TRistan Young

The stats

Audi e-tron quattro S line 50

P11D: £68,075

Official efficiency: Range = 177 miles 2.3miles/kWh

Our efficiency: 2.6kwh

CO2: 0g/km

13 October 2021

Audi e-tron LTT 2021

Most cars above a certain price point have driving modes that are selectable. Sometimes these just Audi e-tron LTT 2021alter the steering weight and the sensitivity of the accelerator pedal. Others, such as the Audi e-tron allow for the adjustment of the suspension too, so that you can have a firmer, flatter ride for a sportier character or a softer, more comfortable ride.

Standard on the S-line trim and above – which our e-tron is – is adaptive sport air suspension and it’s something I’ve used far more than any other car I’ve run.

Normally, I tend to play around with the modes for the first couple of days and then leave it in a single mode and just get on with life. Not so for the e-tron.

Usually I’m in Comfort, because, it really is… comfortable. On longer motorway runs where I need more range I use Eco. However, more and more frequently I’ve been lured into using ‘dynamic’.

Dynamic mode lowers the ride height, stiffens the suspension and sharpens the throttle. And it’s addictive in an electric car. Comfort mode isn’t slow at all, but dynamic means you can have some fun on a B-road or nip into gaps at roundabouts that wouldn’t otherwise be available.

There’s also allroad and offroad modes, but living in Surrey and mostly operating as a dad-taxi or on work journeys there’s not been the chance to test these. If an opportunity crops up, I’ll report back.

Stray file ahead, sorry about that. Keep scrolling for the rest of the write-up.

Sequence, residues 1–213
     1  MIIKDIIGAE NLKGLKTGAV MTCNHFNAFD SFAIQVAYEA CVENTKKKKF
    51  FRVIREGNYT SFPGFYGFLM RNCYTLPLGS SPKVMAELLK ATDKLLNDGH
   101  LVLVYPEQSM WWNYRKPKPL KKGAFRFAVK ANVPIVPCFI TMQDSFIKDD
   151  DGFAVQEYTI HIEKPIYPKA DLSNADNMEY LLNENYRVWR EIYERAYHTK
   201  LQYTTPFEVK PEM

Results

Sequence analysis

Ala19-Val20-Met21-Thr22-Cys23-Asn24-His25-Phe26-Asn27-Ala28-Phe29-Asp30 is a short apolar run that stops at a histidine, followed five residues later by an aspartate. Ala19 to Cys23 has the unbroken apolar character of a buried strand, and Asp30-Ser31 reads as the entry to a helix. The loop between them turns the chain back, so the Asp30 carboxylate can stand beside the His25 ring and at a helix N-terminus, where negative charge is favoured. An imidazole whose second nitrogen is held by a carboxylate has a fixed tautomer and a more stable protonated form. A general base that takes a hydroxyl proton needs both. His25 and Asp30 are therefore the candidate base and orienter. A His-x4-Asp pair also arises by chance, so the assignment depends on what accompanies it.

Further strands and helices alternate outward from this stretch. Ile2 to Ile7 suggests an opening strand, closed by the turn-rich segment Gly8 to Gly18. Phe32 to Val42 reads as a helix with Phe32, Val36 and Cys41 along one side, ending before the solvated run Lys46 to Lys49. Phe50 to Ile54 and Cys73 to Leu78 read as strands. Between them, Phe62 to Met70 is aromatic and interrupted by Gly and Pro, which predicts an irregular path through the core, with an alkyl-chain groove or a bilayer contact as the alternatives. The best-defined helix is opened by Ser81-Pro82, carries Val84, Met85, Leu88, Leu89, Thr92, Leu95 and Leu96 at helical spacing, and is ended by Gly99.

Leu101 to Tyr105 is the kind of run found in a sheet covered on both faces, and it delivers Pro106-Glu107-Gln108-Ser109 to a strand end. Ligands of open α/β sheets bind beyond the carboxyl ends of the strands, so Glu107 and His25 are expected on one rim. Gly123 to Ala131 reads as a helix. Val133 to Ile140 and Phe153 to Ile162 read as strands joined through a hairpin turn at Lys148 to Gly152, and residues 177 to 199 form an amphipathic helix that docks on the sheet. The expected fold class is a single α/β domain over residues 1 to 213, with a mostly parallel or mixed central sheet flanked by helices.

TRistan Young

Tester's notes

• Driving mode buttons are of the touch-sensitive variety and fiddly to operate. And they’re one of the few functions that can’t be operated via voice command.

• Not sure why but the e-tron has recently ‘forgotten’ the ‘home’ destination in satnav. Update perhaps?

The stats

Audi e-tron quattro S line 50

P11D: £68,075

Official efficiency: Range = 177 miles 2.3miles/kWh

Our efficiency: 2.6kwh

CO2: 0g/km

30 September 2021

Audi e-tron LTT 2021

The more I drive the Audi e-tron the more I realise the barriers to EV ownerships aren’t car related they’re charging network related.

Audi e-tron LTT 2021I’ve done the vast majority of charging at home on a 7kW socket. No problem there. I’ve even done longer journeys where I’ve been able to charge quickly and fairly conveniently [see 8 Sept report].

However, I’ve recently done another long, 200 miles each way, journey and had a bit of a charging nightmare due to non-working motorway service area charge points.

However, it was the Audi that saved the day. Having managed to get just enough charge to reach my destination – a residential location – for the weekend I was able to use the extra charging cable Audi supplies with a three-pin plug.

It may not be a quick charge, but if you’re staying with friends and they don’t mind donating their electricity you can still ‘fill up’. What’s more, the cable’s long so you don’t have to worry about using an extension cable (which isn’t recommended, but I’ve seen others do).

TRistan Young

The stats

Audi e-tron quattro S line 50

P11D: £68,075

Official efficiency: Range = 177 miles 2.3miles/kWh

Our efficiency: 2.6miles/kWh

CO2: 0g/km

16 September 2021

Audi e-tron LTT 2021

Audi e-tron LTT 2021Connectivity is just about essential in any electric car. Knowing from your mobile phone how much charge, or range, your car has is incredibly useful to allow for successful journey planning.Audi e-tron LTT 2021

The connectivity also means car makers can provide much more functionality and luxuries that wouldn’t otherwise be possible.

In the Audi e-tron’s case, the MyAudi app not only provides range and battery percentage, but you can see all the trip computer data, so you know how efficient you’ve been and how much each electric mile costs you.